Stack Overflow is a community of 4.7 million programmers, just like you, helping each other.

Join them; it only takes a minute:

Sign up
Join the Stack Overflow community to:
  1. Ask programming questions
  2. Answer and help your peers
  3. Get recognized for your expertise

Is there any way in c++0x of moving objects out from unordered associative containers? I need to merge two separate unordered sets and I would like, in case rvalues are involved, to 'recycle' items in the soon-ceased-to-be sets.

Thing is, unordered_set's iterators provide only const references to the stored items. I had thought initially of using const_cast to throw away the const-ness, but upon further reading it seems this results in undefined behavior. Any suggestion?


Take this simple-minded example:

#include <string>
#include <unordered_set>

using namespace std;

void merge_sets(unordered_set<string> &s1, unordered_set<string> &&s2)
   // Something like this, which (of course) does not work.
   for (auto it = s2.begin(); it != s2.end(); ++it) {

int main()
   unordered_set<string> s1, s2;
   // Fill first set:
   // Fill second set.
   // After this operation, s2 is empty and s1 contains "hello", "world" and "foo".

In other words, I would like to be able to move the items from s2 instead of copying them. There should be a way to "extract" items from a set in such a way that the item is copied/moved and then erased from the current set.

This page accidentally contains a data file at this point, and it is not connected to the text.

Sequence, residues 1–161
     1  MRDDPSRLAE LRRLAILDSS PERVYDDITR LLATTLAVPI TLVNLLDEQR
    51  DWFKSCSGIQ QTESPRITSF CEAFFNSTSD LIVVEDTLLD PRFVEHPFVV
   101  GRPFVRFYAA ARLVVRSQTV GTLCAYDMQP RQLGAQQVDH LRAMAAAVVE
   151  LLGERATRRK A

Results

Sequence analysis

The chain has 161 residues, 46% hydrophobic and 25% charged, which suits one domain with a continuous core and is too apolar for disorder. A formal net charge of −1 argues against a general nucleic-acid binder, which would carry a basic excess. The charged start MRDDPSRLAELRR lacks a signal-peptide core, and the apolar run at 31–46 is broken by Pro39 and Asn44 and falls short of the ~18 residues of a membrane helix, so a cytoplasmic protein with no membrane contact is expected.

share|improve this question
up vote 1 down vote accepted

Why not merge the two sets by using one of them as the target, rather than merging them into a third, separate set? This would at least let you avoid copying elements from one of the source sets (presumably you'd choose the larger one).

Or, if the elements are large, you should store them indirectly using smart pointers (e.g. boost::shared_ptr<>), in which case it will be easy to copy the pointers from the two sources to the target and never copy an actual object.

share|improve this answer
I've updated the original question with an example. Regarding the shared_ptr<>, it is certainly a valid solution but in my case the objects are lightweight - although they still require heap memory allocation. I would like to avoid the extra allocations when I could move the objects. – bluescarni May 30 '11 at 22:58
The sort of thing you are looking for exists for std::list<> (it's called splice), but not for other container types. If you want to avoid the extra allocations for the smart pointers themselves, you can use Boost Intrusive to eliminate this overhead. – John Zwinck May 30 '11 at 23:09
Thanks for the pointer for "splice". I'll look again at Boost.intrusive, but in any case at this point I'm considering writing my own minimal implementation of unordered_set. Cheers! – bluescarni May 30 '11 at 23:50
@blue: Is that really worth the effort? Have you measured this and found it to be the worse performing part of your code? – GManNickG May 31 '11 at 0:32
@GMan: no I haven't yet, and you are certainly right about that. I suppose the wise path here is to go with unordered_set, profile, and then maybe re-implement. It just irks me a bit that it seems there is no way of using move semantics in such a case. – bluescarni May 31 '11 at 0:59

There is no such functionality in the current spec. But you are not alone in requesting it. It is possible that we may get this functionality in the future, but only if people such as yourself make lots of noise about needing it.